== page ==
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At the age of seventeen Jamie Weller joined the Royal Navy and worked as an Aircraft Engineer. It had been his dream since he was a boy to serve his country and work on an aircraft carrier on fast jets – and he loved his job. But just three years into his service Jamie noticed a deterioration in his sight and within just three months he had lost all central vision, was registered blind and discharged from the navy. He was twenty years old.
Many people may have felt that their life was over. But not Jamie. He has gone on to experience success in many different guises; he earned a degree in mathematics from the University of Warwick, he became the first ever blind person to qualify as a member of the Chartered Institute of Taxation, he worked as a tax adviser at Deloitte for over twenty years, he won four medals at the Invictus Games in Toronto and he trekked for fourteen days across Nepal to reach Base Camp Everest. Jamie carried the Olympic Torch in 2012. And Jamie has also been a para Alpine and Biathlon blind ski racer in international IPC ski races representing Great Britain.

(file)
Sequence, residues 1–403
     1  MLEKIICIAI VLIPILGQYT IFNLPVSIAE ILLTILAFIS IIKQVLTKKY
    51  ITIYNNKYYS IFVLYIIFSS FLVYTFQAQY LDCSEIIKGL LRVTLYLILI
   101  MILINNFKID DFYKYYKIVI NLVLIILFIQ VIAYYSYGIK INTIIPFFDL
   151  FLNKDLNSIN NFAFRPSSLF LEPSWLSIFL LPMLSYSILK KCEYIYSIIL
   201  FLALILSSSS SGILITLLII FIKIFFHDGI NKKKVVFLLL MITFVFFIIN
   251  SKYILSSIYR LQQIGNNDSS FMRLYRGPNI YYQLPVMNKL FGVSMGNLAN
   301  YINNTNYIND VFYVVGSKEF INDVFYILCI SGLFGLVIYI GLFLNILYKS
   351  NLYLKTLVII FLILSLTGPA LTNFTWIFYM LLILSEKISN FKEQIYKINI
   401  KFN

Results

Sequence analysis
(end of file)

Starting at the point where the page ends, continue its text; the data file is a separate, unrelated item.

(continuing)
In 1990 when a twenty year old Jamie was discharged from the Royal Navy he went to a rehabilitation centre in Brighton run by the charity Blind Veterans UK. He would go on to spend the next five months relearning basic skills he had learned as a child. Being around other people with sight loss every day made Jamie realise that losing his sight didn’t mean that he couldn’t do things – it meant he had to do things in a different way. Knowing that the road of sight loss had been trodden before made Jamie a little less scared of what the future would hold and took his sight loss on as a challenge and to push back boundaries.
Jamie has no central vision and no perception of depth. His sight is classified as 1/600 which, in layman’s terms, means what a fully sighted person can see from 600 metres away, Jamie can see from 1 metre away. Jamie admits that, as a blind person, there are daily struggles that he contends with, and as a former engineer, he is problem solving on a daily basis as he navigates as a blind man in a sighted world.
Jamie’s tenaciousness and ability to overcome challenges has helped him to achieve his personal goals, but he is also an ambassador for a number of charities including Blind Veterans UK, BLESMA, Help for Heroes and Guide Dogs. He now has own guide dog, a black lab, called Freddie. Working together they do talks to try and to help others in their struggles. Recently they were together in the live theatre production Reparation Island at The Birmingham Hippodrome with Bravo22 Company to educate and inform people about the nature of hidden wounds.
Despite his achievements Jamie still cites his victory over blindness as the thing he is most proud of: he manages his blindness and will never let it manage him.
Freddie the black labrador has Twitter, Facebook and Instagram accounts:
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